Do we need to use Past Simple or Past Perfect in this case if 'needing' and 'agreeing' happened first?

First, we met at a rehearsal in the city. Our team (had) needed a singer, and she (had) agreed to help.

I don't know why, but Past Perfect just doesn't sound right with 'need'. I can't explain it. Can anyone?

  • 1
    Syntactically and logically, you could could use Past Perfect (had needed, had agreed) for either, both, or neither of the two verbs referring to before the rehearsal meeting. But idiomatically native speakers would normally only use the Perfect for the act of agreeing, here. As a general principle, we avoid using the Perfect repeatedly, so the most common version here would be Our team needed a singer, and she had agreed to help. Aug 25, 2021 at 11:23
  • @FumbleFingers thank you. Does it apply to both AmE and BrE?
    – i_yre_b
    Aug 29, 2021 at 16:41
  • If you want to stress that her agreeing to help you preceded your needing her, use the PP. It's all about what you want to say and not the grammar. Yes, it is the same in BrE and AmE in this regard.
    – Lambie
    Aug 29, 2021 at 16:42
  • @Lambie thank you. Does it mean that in the sentence, 'Our team needed a singer, and she had agreed to help', she first agreed, and then we needed her?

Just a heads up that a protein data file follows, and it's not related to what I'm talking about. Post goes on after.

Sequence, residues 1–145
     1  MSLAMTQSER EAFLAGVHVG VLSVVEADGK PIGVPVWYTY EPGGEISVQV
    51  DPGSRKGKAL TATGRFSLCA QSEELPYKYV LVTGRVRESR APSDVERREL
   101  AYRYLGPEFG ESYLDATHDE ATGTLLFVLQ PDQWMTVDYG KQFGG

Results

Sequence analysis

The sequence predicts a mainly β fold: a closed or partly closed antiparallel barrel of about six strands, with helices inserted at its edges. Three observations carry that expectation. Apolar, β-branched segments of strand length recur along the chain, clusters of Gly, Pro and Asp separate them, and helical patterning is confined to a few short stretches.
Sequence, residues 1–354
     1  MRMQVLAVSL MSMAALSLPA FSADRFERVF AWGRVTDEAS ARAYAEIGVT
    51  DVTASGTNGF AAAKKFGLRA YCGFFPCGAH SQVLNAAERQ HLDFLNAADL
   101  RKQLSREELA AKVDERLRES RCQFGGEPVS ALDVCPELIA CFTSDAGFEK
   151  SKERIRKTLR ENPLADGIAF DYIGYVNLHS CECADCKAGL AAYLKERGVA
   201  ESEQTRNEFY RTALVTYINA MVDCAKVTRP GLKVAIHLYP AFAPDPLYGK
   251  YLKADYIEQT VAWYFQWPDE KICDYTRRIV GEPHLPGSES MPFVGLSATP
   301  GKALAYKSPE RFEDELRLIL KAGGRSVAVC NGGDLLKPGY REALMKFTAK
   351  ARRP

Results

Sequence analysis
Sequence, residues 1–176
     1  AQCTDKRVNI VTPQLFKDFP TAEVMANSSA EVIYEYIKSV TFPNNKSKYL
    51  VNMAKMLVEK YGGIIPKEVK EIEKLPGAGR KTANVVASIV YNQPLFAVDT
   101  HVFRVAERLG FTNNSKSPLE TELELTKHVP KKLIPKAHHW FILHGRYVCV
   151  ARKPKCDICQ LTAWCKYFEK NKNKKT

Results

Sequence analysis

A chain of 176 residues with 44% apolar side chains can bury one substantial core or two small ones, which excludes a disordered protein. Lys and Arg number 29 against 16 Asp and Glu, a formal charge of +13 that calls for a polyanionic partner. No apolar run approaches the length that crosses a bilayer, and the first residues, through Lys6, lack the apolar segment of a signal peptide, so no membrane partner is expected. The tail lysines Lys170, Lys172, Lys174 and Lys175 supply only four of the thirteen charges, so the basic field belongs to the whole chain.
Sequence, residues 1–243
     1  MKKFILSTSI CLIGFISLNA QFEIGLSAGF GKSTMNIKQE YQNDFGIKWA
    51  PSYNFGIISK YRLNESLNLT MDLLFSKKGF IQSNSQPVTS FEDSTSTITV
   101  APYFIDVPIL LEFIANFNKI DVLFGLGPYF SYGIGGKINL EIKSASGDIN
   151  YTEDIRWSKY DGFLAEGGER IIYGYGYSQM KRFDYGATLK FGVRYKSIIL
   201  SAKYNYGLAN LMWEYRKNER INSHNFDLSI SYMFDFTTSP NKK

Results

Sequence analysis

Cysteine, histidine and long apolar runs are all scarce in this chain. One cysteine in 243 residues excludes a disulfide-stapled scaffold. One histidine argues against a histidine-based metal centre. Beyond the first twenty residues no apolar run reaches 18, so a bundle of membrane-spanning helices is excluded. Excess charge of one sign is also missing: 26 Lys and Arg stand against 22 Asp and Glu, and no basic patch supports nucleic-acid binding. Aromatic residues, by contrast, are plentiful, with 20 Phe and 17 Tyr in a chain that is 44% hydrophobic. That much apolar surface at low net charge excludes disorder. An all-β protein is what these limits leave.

– i_yre_b
    Aug 29, 2021 at 16:47
  • It's ridiculously unlikely that she agreed to help before you (knew that you) needed help (or you would need help later). Logically, you became aware of the need for help, after which she agreed to provide that help. But the focus of the narrative is the meeting, which obviously must be some time after becoming aware of the need, and her agreeing to help. Note that the Past Perfect isn't being used here to inform the audience of the sequence of events (which is obvious). It's just there to separate off that past agreement from the "current" narrative reference time (of meeting) Aug 29, 2021 at 16:55

1 Answer 1


When telling a story, even a brief anecdote, the simple past is the time of the story itself, and past perfect is what happened before the main story line to give context to the simple past sentences.

That said, while telling one story, especially in conversation, it's quite natural to skip backwards and tell a story that happened before that one in the simple past. It would be correct to tell the whole story in past perfect, but would quickly become awkward and stilted sounding, so we usually switch to just simple past if it's more than one clause.

In your case, any mix of simple past and past perfect would sound natural, other than using two past perfects, which would still be grammatical.

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